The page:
Fritz Goro was the longtime science photographer for LIFE magazine. He covered the Manhattan Project, including shooting at the original Ground Zero. His image of a fetus in an artificial womb inspired Kubrick’s 2001. He crafted photo-simulations of x-ray diffraction and created elaborate graphics in-camera using multiple exposures, lenses and focal depths to depict atomic structure. Much of America’s 20th century image of science was either made or influenced by Goro.
In 1945, he also shot an unidentified collection of slightly odd 19th century technologies and inventions. Such as these rocking stilts, for crossing a swamp. Goro’s technique for shooting these objects was to cast as strong a light as he could on them. The harsh, high-contrast images remind me of some of Charles Sheeler’s domestic photography, which reveled in the hard edges and abstractions of pre-Industrial machinism.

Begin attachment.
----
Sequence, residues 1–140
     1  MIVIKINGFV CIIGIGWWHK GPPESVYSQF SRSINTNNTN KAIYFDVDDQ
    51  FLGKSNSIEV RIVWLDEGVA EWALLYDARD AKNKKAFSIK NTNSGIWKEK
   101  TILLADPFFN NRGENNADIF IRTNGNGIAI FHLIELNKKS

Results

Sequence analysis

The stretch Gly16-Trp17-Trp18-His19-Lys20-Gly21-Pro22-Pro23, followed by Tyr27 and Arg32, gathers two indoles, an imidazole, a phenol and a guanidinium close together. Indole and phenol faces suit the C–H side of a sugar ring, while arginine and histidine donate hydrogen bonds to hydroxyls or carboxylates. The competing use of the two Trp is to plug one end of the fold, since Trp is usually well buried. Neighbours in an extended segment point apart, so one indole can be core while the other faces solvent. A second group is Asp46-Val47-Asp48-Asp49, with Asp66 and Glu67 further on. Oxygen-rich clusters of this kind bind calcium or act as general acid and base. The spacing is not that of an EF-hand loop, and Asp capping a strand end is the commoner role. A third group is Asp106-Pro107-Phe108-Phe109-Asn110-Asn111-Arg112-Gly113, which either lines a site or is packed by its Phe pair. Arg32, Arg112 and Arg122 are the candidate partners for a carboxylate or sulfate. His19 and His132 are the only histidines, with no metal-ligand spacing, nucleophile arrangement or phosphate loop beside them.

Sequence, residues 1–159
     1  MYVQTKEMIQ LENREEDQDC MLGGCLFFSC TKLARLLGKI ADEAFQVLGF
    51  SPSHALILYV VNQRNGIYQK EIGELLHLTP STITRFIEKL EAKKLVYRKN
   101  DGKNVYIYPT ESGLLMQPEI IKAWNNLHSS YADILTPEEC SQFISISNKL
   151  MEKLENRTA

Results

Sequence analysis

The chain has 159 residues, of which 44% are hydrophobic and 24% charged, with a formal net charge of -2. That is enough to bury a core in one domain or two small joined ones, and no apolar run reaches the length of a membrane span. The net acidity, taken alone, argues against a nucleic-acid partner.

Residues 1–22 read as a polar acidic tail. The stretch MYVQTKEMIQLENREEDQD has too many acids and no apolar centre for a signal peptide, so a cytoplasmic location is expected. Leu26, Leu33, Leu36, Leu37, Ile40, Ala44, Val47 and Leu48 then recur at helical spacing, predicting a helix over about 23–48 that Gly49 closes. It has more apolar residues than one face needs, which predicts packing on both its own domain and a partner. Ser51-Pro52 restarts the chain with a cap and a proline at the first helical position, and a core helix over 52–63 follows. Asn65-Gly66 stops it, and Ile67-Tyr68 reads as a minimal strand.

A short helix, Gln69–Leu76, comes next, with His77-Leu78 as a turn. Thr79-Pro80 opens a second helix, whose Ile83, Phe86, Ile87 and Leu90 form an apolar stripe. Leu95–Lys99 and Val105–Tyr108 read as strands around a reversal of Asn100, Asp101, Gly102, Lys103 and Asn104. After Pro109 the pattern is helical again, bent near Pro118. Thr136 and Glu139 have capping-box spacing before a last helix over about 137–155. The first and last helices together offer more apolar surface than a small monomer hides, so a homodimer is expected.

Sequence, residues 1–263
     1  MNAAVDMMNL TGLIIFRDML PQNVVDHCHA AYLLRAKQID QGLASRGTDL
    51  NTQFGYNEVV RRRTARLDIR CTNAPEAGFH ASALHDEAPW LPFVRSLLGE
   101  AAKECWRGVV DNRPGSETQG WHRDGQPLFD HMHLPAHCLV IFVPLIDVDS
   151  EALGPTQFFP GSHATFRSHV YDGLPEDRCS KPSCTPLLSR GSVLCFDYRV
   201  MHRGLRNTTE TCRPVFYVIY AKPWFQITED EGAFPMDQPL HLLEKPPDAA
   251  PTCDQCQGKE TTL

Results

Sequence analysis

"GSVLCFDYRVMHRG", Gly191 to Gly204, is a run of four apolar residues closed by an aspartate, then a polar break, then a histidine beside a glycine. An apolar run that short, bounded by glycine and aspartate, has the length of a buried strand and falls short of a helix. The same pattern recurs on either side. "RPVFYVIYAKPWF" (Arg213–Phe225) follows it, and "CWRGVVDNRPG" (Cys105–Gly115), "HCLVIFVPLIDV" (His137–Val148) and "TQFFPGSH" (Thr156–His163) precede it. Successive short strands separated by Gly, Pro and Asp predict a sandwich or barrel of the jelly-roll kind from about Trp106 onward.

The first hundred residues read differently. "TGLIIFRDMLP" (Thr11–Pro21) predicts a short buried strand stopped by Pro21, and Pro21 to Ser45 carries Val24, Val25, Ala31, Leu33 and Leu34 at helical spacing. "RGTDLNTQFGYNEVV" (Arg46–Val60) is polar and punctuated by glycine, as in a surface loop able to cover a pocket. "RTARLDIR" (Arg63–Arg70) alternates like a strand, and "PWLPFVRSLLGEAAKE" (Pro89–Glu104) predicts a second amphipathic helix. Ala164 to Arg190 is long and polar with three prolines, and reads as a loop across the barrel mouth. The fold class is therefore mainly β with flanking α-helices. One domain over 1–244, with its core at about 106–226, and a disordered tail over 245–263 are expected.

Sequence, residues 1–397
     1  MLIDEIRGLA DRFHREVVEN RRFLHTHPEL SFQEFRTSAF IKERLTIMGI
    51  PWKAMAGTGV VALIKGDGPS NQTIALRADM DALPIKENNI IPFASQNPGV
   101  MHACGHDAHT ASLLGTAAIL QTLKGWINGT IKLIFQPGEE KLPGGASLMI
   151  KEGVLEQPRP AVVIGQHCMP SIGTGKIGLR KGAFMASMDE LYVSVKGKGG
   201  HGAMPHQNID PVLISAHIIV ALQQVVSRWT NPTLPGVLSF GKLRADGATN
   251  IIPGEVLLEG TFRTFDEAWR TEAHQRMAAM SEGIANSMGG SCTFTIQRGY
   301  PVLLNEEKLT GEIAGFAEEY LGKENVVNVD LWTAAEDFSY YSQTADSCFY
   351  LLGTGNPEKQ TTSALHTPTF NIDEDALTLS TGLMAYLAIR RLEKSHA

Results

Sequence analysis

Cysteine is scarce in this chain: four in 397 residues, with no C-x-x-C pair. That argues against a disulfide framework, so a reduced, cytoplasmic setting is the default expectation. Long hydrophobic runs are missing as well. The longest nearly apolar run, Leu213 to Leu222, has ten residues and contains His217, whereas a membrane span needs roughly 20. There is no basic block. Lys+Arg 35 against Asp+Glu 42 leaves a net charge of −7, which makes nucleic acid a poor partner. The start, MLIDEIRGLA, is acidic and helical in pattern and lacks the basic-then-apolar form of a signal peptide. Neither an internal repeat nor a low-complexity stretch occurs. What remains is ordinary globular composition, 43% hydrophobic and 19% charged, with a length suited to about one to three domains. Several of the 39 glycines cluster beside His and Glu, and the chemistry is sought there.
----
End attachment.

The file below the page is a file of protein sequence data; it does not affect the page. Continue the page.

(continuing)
Also, the 19th century folks were just as crazy as we are.
But also brilliant. Just look at this photo of a “reflection candlestick,” more commonly called–when it’s called at all anymore, I mean–a candlestick reflector. It’s somewhere between Olafur Eliasson, the end of Diamonds Are Forever, and ye olde ocularift fhoppe in downtown Fitchburg. Fantastic.